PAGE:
There’s an old Chinese curse which translates (roughly) into “may you live in interesting times.” While I wouldn’t go so far as to say we’ve been cursed, these times could certainly be called interesting. I suppose the term applies, but on the whole I could be easily tempted by terms less neutral.

James Madison once said, “Oppressors can tyrannize only when they achieve a standing army, an enslaved press and a disarmed populace.” The standing army part was inevitable. Countries don’t long survive until they become mentally and physically capable of persuading other nations of unsavory intent to stay on the other side of the border and mind their own business.

The enslaved press, on the other hand was once not so. Early on it was a responsible and serious watchdog. Integrity was paramount to the job. To be found patently biased and partisan, either openly or in subterfuge, was at the very least considered despicable and disgraceful. Through the intervening years, however, the press has eschewed self-discipline and allowed itself to drift into ill-disguised partisanship, and thus enslaved itself. With some, the term “drifted” probably need be changed to “running pell-mell into abject servitude.”

A description so damning and ugly as “fake news” could never have been applied, much less stuck, had those to whom it was assigned been demonstrably and relentlessly above reproach. They chose otherwise.

For the consumer, the test is really quite simple. It always has been. It’s a pass/fail deal. If I can tell your politics by what you report, or more critically what you choose not to report, and how you choose to report — oopsy.

Which brings me to the end of this point, and the beginning of the next. They are related.

In advance of a recent progressive shindig, The Texas Tribune announced Robert Francis “Beto” O’Rourke would be attending with an embarrassing kind of breathless anticipation. The whole tone of the deal put me in mind of a bunch of single 30-somethings in giddy anticipation of binge watching the “Shades Of Grey” series in a dark theater.

Among the solidly leftist lineup of guests was Sarah Eckhardt, a Travis County judge, who — succumbing to the irresistible enticement of a like-minded echo chamber — lost her head and got very honest about her prejudices and existential mindset. She quipped that Gov. Greg Abbott naturally “hates trees because one fell on him.” She apologized, of course — but not until after it went viral.

“In my panel today at the Texas Tribune Festival on ‘Public Enragement’ I spoke about the importance of being able to disagree without being disagreeable. Then I said something disagreeable,” she said.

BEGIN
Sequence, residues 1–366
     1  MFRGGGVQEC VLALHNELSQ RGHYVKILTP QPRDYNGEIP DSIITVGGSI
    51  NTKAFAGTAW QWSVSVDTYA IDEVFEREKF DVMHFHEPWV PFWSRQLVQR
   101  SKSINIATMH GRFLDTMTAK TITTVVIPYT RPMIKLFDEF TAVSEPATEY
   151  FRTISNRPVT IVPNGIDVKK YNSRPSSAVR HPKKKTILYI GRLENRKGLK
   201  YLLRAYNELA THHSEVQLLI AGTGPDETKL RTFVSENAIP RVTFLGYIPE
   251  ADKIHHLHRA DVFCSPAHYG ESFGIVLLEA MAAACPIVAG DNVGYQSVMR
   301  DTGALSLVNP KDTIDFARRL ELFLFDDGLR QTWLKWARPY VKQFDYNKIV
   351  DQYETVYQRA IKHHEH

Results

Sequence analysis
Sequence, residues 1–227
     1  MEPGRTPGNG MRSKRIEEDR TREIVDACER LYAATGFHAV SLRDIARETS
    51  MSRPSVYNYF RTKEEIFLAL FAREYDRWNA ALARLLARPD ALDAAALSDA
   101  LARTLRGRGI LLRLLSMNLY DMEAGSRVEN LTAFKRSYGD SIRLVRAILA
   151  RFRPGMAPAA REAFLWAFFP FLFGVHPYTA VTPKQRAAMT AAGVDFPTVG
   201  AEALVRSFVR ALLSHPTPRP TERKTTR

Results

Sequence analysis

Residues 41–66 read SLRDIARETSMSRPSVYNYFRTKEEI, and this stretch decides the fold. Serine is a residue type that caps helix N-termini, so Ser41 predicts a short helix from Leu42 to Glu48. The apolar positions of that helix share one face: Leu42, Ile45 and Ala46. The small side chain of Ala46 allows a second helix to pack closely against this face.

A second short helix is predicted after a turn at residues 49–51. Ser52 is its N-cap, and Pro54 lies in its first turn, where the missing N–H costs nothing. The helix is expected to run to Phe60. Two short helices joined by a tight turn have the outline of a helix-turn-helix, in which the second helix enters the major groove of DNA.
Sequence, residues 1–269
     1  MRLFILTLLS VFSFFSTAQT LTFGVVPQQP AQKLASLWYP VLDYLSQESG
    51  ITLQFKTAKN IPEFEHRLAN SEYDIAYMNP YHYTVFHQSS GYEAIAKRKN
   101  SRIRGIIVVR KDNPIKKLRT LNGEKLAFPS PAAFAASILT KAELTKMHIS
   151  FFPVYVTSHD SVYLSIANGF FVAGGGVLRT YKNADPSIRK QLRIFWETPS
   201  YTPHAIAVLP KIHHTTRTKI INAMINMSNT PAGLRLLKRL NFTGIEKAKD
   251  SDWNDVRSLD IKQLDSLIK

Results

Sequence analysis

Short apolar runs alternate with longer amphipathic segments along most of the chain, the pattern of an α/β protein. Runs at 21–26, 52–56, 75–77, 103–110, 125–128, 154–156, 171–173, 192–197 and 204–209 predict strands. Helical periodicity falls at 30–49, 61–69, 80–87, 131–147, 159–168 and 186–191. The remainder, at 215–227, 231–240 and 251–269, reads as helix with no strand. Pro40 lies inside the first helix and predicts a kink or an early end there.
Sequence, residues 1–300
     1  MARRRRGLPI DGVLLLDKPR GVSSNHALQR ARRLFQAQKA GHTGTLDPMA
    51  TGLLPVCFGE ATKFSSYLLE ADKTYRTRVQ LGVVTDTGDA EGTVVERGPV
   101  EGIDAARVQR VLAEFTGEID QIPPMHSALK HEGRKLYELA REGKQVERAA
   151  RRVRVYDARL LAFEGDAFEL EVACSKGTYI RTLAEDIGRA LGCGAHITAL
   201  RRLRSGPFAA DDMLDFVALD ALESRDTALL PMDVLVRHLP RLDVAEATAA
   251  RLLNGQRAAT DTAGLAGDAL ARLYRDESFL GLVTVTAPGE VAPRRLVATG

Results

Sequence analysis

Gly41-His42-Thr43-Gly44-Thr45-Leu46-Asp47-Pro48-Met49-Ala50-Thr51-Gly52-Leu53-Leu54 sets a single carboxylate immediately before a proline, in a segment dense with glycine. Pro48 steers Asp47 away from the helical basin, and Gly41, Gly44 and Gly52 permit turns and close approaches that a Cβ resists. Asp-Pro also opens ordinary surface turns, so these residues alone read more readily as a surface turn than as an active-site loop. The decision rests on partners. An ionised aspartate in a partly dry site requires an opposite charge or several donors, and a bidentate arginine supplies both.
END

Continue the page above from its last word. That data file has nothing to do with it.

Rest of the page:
“I want to apologize to Governor Abbott. I made a flippant comment that was inappropriate. The comment did nothing to further the debate I was participating in, much less further the political discourse in our community, state, and nation. While the Governor and I disagree on a number of issues, that is no excuse to be disagreeable.”

I don’t know about you, but whereas a comment like that might be forgivably uttered in complete bad taste in a private conversation, allowing it to see the light of day in a public forum told me everything I needed to know about that individual — and her complete unworthiness to hold the job she has been hired to do. Equally disturbing was the group-think laugh-track it generated in the audience and Texas Tribune staff. Directly under the masthead on their website, it says, “Nonpartisan. Nonprofit. Support Us.” The first is obviously fiction, by agenda, the second is as well, I’ll let you do with the third as you will.

Speaking of inappropriate and unworthy, and unintended consequences, Robert Francis O’Rourke is a strong candidate for that category poster child. In the future, I would recommend he call the NRA and warn them before he speaks again publicly. They really could use the heads-up to put on some extra staff to handle the resulting influx of membership applications and lifetime renewals.

Before O’Rourke popped off with “Hell yes, we’re going to take your AR-15, your AK-47,” I did not own, nor have I ever before seriously wanted an AR-15 or AK-47 platform rifle. Still don’t, as a matter of fact. I have used them and can’t complain about their look or function. They are what they are. They are simply not something appropriate to any job I have to do. The typical 16-inch bore and extended magazine design make them a pain in the hind pockets to easily sandbag on the bench or in the field — which is a requirement if I am going to address any target.

And even then success is kinda iffy. I’m not real fond of chasing brass, either. Of course, then again, I’ve never tried the Sheila Jackson Lee .50 caliber version. Maybe that would help. Seems like it might be overkill for marauding coyotes, skunks of any sort and feral pigs though. So I guess I’ll resist the “in-your-face, Beto” temptation and continue to do without. Tis kinda tempting, though.

From the observation booth here at The Paper Radio, I’m just not sure the word interesting actually quite covers it.

Dan Beard is an 12-year Paris import who dabbles in Linux and photography. He has a 30-year history of writing content and columns for newspapers and magazines. His columns are published every Wednesday.

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